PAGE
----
First, you seldom want to have your game servers talk directly to database servers. Typically, you'll want your game (simulation/network) servers to talk to an application server, which in turn talks to some database. This lets you scale simulation separately from back-end. Plus, if a game server is "owned" by hacking, the hacker can't just do "select * from users" to get all email addresses and hashed passwords. Presumably, your application servers aren't directly exposed to the greater internet (only to game servers,) and don't have a "return all players" function/request, so the potential attacker would then have to break the app server, after breaking the game server, to get at the full data.
Second, you typically don't want to do anything synchronous in a game. You want everything to be optimistically assumed to succeed, send an asynchronous request, and when it actually succeeds or fails, you go ahead and deal with that as a follow-up resolution. This goes for anything from client-side hit detection to the loot case you talk about. Let the game server tell the client that the item was looted, queue a RPC through some queue to give the object to the player, and when that completes, mark the item as "actually complete." You may be able to show the item, but not actually use it, until it's actually complete, for example.
Third, what is the actual measured latency? You should see maybe 50 milliseconds from east to west coast between data centers. This is not a very large amount of latency. If your game has a ninja looting problem where the database needs to be involved and 50 milliseconds of looting latency more or less, matters, then your game has a HUGE FRICKING DESIGN PROBLEM that you probably should be addressing using other means than shaving milliseconds 🙂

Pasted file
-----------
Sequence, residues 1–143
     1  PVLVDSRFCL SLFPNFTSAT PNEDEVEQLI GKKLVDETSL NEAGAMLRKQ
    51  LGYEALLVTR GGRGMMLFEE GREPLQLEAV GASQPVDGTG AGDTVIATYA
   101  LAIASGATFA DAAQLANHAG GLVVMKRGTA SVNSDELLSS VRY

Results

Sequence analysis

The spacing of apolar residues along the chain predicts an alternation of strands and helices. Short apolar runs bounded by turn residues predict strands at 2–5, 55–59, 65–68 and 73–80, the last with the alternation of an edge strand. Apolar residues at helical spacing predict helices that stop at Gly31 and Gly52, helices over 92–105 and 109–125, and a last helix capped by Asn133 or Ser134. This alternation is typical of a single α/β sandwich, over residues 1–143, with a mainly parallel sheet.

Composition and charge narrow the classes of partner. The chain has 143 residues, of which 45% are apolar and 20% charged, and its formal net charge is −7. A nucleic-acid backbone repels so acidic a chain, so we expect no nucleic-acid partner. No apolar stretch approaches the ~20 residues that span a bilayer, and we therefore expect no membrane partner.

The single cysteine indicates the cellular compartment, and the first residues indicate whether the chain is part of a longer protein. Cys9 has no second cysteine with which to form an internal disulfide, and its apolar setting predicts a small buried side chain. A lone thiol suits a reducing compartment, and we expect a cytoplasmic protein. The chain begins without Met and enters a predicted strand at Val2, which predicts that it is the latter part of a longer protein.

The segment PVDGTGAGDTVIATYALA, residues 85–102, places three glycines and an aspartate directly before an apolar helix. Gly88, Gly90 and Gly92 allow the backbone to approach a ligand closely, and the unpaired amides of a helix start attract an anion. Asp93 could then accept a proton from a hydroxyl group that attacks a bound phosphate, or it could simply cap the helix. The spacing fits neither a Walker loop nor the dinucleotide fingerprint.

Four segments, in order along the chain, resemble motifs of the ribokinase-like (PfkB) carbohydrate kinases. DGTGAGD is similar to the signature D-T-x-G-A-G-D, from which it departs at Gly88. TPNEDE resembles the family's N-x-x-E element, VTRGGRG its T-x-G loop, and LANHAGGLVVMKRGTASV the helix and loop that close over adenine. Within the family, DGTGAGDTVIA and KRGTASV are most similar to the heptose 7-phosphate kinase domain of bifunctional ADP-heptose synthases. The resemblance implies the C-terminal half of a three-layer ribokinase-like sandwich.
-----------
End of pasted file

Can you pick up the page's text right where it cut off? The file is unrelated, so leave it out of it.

Fourth, most games don't actually send every single request through the database. Instead, the game server caches the result in RAM, and occasionally checkpoints the state back to persistent storage. This may be done in a streaming fashion (say, write update events back through a message queue) or in a single-checkpoint fashion (say, fork the process and write all object state into some durable database.) If the game server crashes between you looting the item, and the checkpoint happening, you lose the item. Sucks, but hopefully your servers don't crash that often! (And if you stream out updates to persistent storage, you can actually get around that problem, too.) Presumably, the real arbiter of "who gets the item" when looting is the game server, not the database -- having a case where player A in Australia using server A is competing against player B in Washington State on server B, would be inherently bad for a number of other reasons, not the least of which is that syncing state between distant servers in real time is in itself causing a bunch of lag.